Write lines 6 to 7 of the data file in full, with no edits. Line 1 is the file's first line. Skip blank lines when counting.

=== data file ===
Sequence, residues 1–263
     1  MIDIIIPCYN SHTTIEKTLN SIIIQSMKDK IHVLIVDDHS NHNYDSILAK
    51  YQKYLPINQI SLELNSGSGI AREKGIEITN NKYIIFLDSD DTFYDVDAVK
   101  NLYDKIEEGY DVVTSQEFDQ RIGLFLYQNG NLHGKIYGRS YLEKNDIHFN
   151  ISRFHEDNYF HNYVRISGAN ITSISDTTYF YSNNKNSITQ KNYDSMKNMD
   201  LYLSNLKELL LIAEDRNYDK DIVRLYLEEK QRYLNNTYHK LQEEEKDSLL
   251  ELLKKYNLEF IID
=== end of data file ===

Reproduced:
   201  LYLSNLKELL LIAEDRNYDK DIVRLYLEEK QRYLNNTYHK LQEEEKDSLL
   251  ELLKKYNLEF IID